Top State Stories 9/23
AR: Arkansas Supreme Court clears recreational marijuana for November ballot
The Arkansas Supreme Court overturned a decision by the state Board of Election Commissioners, paving the way for legal recreational marijuana to be included on the ballot for the November general election.
MA: Half of Massachusetts’ small businesses still making less than before pandemic
About half of the small businesses in Massachusetts are still making less revenue than they were before the pandemic, a recent poll shows. And businesses owned by people of color are more likely to report difficult business conditions.
NJ: New Jersey governor vetoes law that would give temp workers more rights, money
New Jersey Democratic Gov. Phil Murphy conditionally vetoed legislation that would have given sweeping new rights to temporary workers across New Jersey in a proposed law that was strongly opposed by business leaders. Murphy sent the bill back to lawmakers for large and small revisions detailed in a 21-page letter.
OH: Two Republicans on Ohio Supreme Court won’t weigh in on 2020 election results
The three Republican justices running for the Ohio Supreme Court acknowledge that Joe Biden is president, but two of them sidestepped the question of whether the 2020 election results are legitimate.
NY: Plan to pay parents to drive kids to school gains in Buffalo, New York
The Buffalo Board of Education in New York approved a key step in the Parent Transportation Reimbursement Pilot Program that would allow 1,500 parents to be paid for the mileage required to drive their children to school. The move is one strategy to overcome a nationwide bus shortage being felt locally. Buffalo would be the first large school district in New York to attempt reimbursing parents.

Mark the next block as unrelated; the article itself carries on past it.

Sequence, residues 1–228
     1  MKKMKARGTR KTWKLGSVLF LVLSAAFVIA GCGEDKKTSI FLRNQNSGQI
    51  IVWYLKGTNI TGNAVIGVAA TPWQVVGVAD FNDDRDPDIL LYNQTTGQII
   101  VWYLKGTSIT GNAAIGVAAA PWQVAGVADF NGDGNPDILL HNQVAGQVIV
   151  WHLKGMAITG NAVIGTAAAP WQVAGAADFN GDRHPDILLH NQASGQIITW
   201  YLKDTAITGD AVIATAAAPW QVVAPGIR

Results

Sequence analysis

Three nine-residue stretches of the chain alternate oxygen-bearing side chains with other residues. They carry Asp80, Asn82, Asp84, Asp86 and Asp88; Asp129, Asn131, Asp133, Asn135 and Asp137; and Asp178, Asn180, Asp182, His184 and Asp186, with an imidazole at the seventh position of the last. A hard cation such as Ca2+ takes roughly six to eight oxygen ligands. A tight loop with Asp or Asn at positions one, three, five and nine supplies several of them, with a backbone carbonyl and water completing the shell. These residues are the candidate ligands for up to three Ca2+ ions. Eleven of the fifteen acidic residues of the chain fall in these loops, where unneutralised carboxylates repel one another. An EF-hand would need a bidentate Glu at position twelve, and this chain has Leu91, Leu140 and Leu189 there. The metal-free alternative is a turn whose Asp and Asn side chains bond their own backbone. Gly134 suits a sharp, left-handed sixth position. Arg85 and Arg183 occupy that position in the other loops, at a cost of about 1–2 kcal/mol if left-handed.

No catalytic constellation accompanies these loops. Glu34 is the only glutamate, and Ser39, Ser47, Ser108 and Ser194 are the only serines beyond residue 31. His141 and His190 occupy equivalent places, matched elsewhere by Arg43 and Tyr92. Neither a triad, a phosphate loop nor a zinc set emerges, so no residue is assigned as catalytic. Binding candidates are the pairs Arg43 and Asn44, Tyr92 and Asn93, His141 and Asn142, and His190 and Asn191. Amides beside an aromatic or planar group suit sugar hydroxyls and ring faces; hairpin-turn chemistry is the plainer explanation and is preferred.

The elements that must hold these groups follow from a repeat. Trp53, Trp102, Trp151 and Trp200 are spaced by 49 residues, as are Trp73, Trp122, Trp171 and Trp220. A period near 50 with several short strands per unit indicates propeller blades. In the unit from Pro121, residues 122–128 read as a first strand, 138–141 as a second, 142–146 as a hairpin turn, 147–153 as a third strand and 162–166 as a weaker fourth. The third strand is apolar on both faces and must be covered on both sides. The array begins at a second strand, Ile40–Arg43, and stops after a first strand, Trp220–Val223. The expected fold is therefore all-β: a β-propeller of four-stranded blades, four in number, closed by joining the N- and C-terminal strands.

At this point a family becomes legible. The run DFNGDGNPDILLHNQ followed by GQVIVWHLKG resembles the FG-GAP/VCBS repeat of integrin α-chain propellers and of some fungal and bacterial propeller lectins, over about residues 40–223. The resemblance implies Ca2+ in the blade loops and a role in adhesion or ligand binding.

CO: Colorado legislature faces inflationary budget crunch as risk of recession grows
Inflation and rising interest rates aimed at reining in consumer costs are causing Colorado’s economy to slow and stagnate, according to two economic and tax revenue forecasts presented to the legislature’s Joint Budget Committee.
OR: Oregon needs to crack down on drug use, experts tell lawmakers
A day after the Oregon Health Authority declared a new era in the state’s approach to drug addiction had begun, experts warned legislators that the state’s drug epidemic is worsening. They said the state’s shift away from prosecuting people with addiction problems toward boosting medical and social services lacks a push for people to stop using drugs and seek treatment.
CA: Inside California’s pot legalization failures: corporate influence, ignored warnings
Architects of the effort to legalize pot in California made big promises to voters. But six years later, California’s legal weed industry is in disarray with flawed policies, legal loopholes and stiff regulations hampering longtime growers and sellers.
OK: K pay raise proposal for Oklahoma teachers passes first hurdle
A ,000 teacher pay raise proposal will advance to the state legislature after passing a vote by the Oklahoma State Board of Education. If the legislature approves it, Oklahoma’s average teacher pay would rise to ,000, and the minimum starting salary would exceed ,000.
ID: Among anti-abortion groups in Idaho, exceptions and criminalization cause divisions
Prominent anti-abortion groups in Idaho say they are opposed to forcing a woman to give birth when her life is at risk, but the Idaho Republican Party platform is more extreme, with no written support for exceptions in anti-abortion law. Organizations and politicians also disagree on whether there should be exceptions for rape and incest survivors who become pregnant.
TN: Proposed amendment to Tennessee Constitution would ban slavery
Although the Tennessee Constitution was amended in 1865 to prohibit nearly all forms of slavery, a single line lingered to allow slavery and involuntary servitude for people convicted of crimes. The proposed amendment, which will appear on the November ballot, would replace this line with an unmistakable ban: “slavery and involuntary servitude are forever prohibited in this State.”
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